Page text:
Last Friday a federal jury awarded $13.2 million in compensation to David Ayers, who served 13 years of a life-without-parole prison sentence for a murder that DNA eventually proved he didn’t commit. This should certainly get the attention of Cleveland and Ohio taxpayers if the horror of an innocent person languishing in prison while the true murderer escapes justice is not troubling enough. It should also motivate voters to signal zero tolerance for official misconduct (a recurring contributor to wrongful convictions) and to require implementation of known best practices in criminal justice procedure.
As reported earlier on this blog and (here), and (here), former Cuyahoga County Housing Authority police officer, David Ayers was convicted on December 11, 2000, of the aggravated murder of Dorothy Brown, 76, a resident of the building where Ayers worked and lived. The case rested largely on testimony from a jailhouse snitch, Donald Hutchinson, and a witness, who later recanted, claiming police pressured him into making a false statement.
The cost to taxpayers of the resulting wrongful conviction would have been significant even if Ayers had received no compensation, as is the case with many of the wrongfully convicted. For starters, it cost Ohio taxpayers an estimated $377,000 to house and feed Ayers over his 13 years in prison.
It’s more challenging to put a number on the cost of government officials investigating, preparing, and trying the case before a jury, and then defending the conviction in the Court of Appeals.
Taxpayers also paid the tab when prosecutors represented the state in seeking to prevent the case from being heard at the Ohio Supreme Court (which declined leave to appeal) and then again when Ayers’ submitted a federal petition for a writ of habeas corpus.
Then taxpayers underwrote the efforts of prosecutors who fought the Ohio Innocence Project’s petition to do DNA testing on very important crime scene evidence, which could have shortened this expensive litigation process in the case.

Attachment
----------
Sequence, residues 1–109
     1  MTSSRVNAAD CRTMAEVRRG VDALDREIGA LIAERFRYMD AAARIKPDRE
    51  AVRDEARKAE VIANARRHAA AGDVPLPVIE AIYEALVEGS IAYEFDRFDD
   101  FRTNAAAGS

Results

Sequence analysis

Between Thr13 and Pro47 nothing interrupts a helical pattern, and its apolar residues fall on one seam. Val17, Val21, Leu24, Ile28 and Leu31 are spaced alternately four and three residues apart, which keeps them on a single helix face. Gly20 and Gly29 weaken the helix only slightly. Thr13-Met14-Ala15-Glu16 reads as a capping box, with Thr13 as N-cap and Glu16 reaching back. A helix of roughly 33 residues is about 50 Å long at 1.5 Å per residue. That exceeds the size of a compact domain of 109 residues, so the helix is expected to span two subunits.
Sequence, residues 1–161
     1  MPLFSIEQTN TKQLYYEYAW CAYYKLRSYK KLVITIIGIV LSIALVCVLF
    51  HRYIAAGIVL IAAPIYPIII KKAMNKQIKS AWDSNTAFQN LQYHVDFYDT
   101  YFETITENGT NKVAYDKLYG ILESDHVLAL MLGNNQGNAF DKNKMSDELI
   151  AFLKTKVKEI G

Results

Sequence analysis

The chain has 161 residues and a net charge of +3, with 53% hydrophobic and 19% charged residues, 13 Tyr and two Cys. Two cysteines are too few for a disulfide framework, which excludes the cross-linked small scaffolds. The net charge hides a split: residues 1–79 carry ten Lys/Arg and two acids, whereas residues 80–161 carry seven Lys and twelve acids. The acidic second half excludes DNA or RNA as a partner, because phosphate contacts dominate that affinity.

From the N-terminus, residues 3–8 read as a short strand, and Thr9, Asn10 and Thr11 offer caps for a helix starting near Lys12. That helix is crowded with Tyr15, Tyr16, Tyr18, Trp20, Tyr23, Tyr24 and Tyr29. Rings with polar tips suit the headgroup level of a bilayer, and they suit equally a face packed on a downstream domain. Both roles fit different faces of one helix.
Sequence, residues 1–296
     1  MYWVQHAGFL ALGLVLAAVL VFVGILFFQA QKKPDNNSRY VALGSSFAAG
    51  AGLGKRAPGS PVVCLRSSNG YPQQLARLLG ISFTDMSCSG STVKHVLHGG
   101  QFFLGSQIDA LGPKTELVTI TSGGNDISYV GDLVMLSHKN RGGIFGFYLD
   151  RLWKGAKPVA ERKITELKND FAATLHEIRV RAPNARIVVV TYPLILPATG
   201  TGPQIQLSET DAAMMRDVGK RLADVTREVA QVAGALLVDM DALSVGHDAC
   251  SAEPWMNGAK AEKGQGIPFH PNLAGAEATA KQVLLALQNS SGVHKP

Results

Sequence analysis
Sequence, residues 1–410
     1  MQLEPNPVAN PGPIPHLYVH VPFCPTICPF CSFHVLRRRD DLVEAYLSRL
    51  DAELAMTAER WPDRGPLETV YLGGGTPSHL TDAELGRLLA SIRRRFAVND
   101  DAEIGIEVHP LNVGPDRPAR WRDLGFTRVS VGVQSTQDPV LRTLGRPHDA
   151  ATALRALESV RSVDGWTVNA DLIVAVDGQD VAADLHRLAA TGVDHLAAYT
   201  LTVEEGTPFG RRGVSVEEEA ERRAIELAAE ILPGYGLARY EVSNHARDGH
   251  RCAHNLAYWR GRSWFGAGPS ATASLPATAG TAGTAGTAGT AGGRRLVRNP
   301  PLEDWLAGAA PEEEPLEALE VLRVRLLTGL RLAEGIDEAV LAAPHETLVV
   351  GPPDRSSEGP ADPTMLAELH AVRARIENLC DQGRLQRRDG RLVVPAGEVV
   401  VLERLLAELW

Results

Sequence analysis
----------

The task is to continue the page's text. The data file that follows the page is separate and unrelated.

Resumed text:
The U.S. Court of Appeals for the Sixth District overturned Ayers’ conviction in 2010 and granted him a new trial. The Court essentially ruled that Ayers’ had been denied the right to counsel when police officers enabled a jailhouse snitch to gain more alleged information about the crime from Ayers in jail after he had been indicted and a jury had been impaneled.
Before making the decision of whether or not to retry Ayers, a new prosecutor ordered DNA testing on the crime scene evidence. Ayers was excluded and the prosecutor dropped the case against him. Ayers was released from prison in September of 2011.
About a year and a half later, taxpayers again paid for lawyers to litigate before a federal jury. The result was the $13.2 million award to Ayers.
While the known costs of this conviction error could be in the neighborhood of $15 million, we have yet to know the human and financial costs of other crimes committed by the real rapist/murderer who escaped justice.
The National Registry of Exonerations attributes this particular miscarriage of justice to perjury/false accusation and official misconduct. Taxpayers should note that this was not simple human error. We are paying a very high tab in wrongful convictions for the misconduct of government officials when they deny rights guaranteed to every U.S. citizen.
DNA-proven wrongful convictions have been attributed to a handful of common recurring contributors. In addition to official misconduct and unreliable snitch testimony evidenced in this case, the list includes misidentification and false confession, both less likely to occur if officials utilize best practices in lineups and interrogations. Instead, many jurisdictions and legislative bodies resist requiring these known procedural deterrents to wrongful conviction.
In the wake of hundreds of wrongful convictions—many of which could have and should have been prevented—it’s time for citizens to say, “Enough.” We should not accept preventable error in our justice system any more than we accept it in other important enterprises and professional services.
The first step to both avoiding costly wrongful convictions and to making our nation safer is for citizens to send the message to our police, sheriffs, and prosecutors that we do not condone and will not tolerate misconduct under color of law and that we support cost-effective reforms that require proven best practices in criminal justice procedures.
The best way to be tough-on-crime is to be accurate on crime. Truth, fairness, and accuracy—as opposed to just high conviction rates—have always been the true measures of excellence and integrity in criminal justice. We should expect and accept no less.